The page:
Overall, Burke’s style of captaincy was in marked contrast to, say, the in-depth statistical analysis employed by the current European skipper, Paul McGinley. Rather than pore endlessly over the numbers, the Texan relied more on instinct.
“The captain is not very important if I’m honest,” he asserts. “There are no real decisions to be made. None. Zero. You just pair the guys who you think will do OK. But it’s all guessing. Golf is not a game you can predict like that. All I really worried about was them turning up on time to play.
“I’ve never been a tactical person. I never wanted my guys thinking about anything other than what they were doing. I told them not to worry about the Ryder Cup matches – just do what you always do. And, if you wouldn’t bet your wallet on a shot, do not try it. Play shots you would bet everything in your pocket on. That was as much advice as I ever gave them.
“I did tell Jack and Arnie to stand close to the British players on the first hole so that they would be thinking more about their grips and swings than the shots they had to hit. I knew they would be intimidated. Hogan was good with that stuff too. He was called “The Hawk” for a reason. He knew when a guy was feeling pressure. One day he asked me if I had seen what one young fellah was doing. I hadn’t. ‘He’s taking three waggles instead of two,’ he said. ‘He’s out of his routine.’ Ben was very perceptive.”
As you might expect, Burke is more than a little perplexed by some of the attitudes displayed by the present generation of players. The son of a club professional who grew up during the Great Depression, his was not an easy childhood or early adulthood – “I couldn’t get in the clubhouse because I was an employee’s son. I was shooting dice at nine years old. I was a tough guy when I was young.”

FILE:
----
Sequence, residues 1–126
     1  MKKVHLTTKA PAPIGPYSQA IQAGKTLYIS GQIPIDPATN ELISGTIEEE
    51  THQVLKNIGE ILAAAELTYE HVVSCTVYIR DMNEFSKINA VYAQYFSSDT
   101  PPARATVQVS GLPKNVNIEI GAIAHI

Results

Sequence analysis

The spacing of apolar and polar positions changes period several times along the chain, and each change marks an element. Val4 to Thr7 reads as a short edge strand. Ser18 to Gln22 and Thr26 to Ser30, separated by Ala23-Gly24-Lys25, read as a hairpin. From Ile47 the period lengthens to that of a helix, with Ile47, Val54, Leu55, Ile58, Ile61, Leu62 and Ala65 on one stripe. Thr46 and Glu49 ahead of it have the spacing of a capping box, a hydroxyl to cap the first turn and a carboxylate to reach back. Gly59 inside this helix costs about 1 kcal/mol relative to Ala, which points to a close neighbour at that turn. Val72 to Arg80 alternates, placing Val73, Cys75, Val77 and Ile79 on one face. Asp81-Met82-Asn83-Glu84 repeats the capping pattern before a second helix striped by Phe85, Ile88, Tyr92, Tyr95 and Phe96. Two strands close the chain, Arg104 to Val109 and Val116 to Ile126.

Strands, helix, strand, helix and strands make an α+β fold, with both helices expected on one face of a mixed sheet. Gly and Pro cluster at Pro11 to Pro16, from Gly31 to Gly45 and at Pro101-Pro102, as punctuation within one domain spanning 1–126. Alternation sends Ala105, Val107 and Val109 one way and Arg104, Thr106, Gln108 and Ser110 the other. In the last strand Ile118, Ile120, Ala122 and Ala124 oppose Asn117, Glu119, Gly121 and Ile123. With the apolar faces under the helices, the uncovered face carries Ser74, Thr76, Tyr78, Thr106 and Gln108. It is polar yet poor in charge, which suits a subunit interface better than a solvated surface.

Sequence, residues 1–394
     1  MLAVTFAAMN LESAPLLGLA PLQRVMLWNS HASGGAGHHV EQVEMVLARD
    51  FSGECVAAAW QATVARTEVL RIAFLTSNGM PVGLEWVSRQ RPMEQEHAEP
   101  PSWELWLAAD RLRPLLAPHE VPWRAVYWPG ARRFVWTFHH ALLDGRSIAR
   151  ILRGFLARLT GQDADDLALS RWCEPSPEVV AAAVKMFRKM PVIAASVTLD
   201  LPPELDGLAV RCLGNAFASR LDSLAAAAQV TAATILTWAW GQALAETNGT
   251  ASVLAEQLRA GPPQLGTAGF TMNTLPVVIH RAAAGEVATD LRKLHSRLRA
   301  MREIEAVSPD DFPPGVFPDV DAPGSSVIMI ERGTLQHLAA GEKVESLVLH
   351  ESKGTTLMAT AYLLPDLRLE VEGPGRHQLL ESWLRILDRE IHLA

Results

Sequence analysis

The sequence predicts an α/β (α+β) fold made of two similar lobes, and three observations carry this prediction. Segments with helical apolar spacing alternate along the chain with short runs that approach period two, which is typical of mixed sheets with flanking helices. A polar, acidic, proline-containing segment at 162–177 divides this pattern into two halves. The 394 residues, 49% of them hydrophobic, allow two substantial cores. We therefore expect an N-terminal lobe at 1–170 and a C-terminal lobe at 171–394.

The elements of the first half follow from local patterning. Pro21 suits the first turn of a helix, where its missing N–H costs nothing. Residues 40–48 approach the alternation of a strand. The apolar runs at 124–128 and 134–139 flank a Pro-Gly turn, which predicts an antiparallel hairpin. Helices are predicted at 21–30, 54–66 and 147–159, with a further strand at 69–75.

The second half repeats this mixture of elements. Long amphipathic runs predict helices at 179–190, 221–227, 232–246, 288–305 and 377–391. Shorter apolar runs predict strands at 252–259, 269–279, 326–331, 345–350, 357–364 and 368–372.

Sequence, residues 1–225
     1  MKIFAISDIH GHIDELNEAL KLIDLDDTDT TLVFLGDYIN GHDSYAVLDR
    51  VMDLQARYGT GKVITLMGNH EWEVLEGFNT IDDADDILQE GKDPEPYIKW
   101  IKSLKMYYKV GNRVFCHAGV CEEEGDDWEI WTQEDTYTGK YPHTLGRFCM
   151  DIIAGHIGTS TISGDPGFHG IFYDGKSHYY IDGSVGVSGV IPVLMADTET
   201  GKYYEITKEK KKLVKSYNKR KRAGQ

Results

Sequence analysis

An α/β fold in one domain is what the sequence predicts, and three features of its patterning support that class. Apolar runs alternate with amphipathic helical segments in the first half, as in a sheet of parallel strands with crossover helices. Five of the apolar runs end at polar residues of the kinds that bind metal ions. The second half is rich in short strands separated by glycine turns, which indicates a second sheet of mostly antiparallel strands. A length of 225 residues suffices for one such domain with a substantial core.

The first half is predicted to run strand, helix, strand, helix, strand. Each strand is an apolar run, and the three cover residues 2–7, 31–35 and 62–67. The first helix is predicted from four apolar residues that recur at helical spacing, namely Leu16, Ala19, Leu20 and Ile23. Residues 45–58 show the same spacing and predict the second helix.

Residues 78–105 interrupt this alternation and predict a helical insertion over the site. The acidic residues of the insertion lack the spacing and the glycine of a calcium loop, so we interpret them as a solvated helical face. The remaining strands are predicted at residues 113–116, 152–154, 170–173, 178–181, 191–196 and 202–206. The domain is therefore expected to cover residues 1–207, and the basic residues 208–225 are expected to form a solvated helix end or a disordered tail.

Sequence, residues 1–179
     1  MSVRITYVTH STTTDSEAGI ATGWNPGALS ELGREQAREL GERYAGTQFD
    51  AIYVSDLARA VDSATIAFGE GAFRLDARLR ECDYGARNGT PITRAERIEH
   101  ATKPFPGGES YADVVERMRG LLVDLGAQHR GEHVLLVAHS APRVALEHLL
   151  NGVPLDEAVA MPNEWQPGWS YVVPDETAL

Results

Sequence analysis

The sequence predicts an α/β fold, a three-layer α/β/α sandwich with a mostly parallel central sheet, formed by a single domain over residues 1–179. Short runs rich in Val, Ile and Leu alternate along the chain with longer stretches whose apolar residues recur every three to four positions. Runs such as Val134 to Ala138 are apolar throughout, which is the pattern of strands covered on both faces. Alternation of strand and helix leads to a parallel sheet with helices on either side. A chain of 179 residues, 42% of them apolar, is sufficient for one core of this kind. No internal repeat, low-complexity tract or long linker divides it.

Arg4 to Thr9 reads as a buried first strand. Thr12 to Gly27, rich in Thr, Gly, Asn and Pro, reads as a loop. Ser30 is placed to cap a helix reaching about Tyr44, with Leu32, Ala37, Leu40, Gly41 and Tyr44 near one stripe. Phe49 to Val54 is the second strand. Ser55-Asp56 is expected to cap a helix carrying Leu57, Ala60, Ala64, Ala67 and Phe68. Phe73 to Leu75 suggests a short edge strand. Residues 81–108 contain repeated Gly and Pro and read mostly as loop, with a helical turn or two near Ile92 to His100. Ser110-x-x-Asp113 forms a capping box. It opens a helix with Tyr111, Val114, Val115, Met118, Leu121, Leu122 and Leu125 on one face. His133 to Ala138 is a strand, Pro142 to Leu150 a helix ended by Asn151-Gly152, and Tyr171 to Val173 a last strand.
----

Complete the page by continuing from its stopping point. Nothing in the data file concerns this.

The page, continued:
He’s not exactly soft these days either. A decade ago, Burke was enlisted as an assistant Ryder Cup captain to Hal Sutton in a losing cause at Oakland Hills. It’s safe to say he made his presence felt behind the scenes.
“I told Hal not to put Phil Mickelson with Tiger Woods,” he says. “But he did it anyway. Talking to Sutton is like talking to General Patton – he don’t hear you. So they lost every point. Which is what I thought would happen. They were treading on one another. You need to put leaders with followers.
“Afterwards I watched Phil and Tiger playing on those electronic machines. Losing didn’t seem to mean too much to them. If they felt that way, why did they play? It was shocking to me.
“Losing never crossed my mind in 1973. But these days our college kids don’t play match play. They have no experience of what they are doing. That’s bad in any business. So they’re rookies who just don’t know what they’re doing. And in the Ryder Cup they are under so much pressure to play good that they don’t play good.
“We had the PGA Championship at match play back in my day. So it was different. Hell, our guys don’t even seem to know the rules in match play. Growing up, all they play is stroke play. So how match play is played is foreign to them.”
Still, culture shocks are nothing new to Burke. At Muirfield he encountered the legendary – and not in a good way – club secretary Paddy Hamner.
“I loved the golf course, a wonderful place,” says Burke. “But they had some tough dudes there. That secretary guy was unbelievable. They gave me a young boy to get whatever I needed, what we call a gopher. He had a friend – they were from Ireland – and one day the cops wouldn’t let them on to the range. I asked the officer if I could talk to my guy. He said, ‘just for a moment sir’. Man, they were so tough.”
Nah. Not really. Not like Jackie Burke. He really is tough. Ask Phil.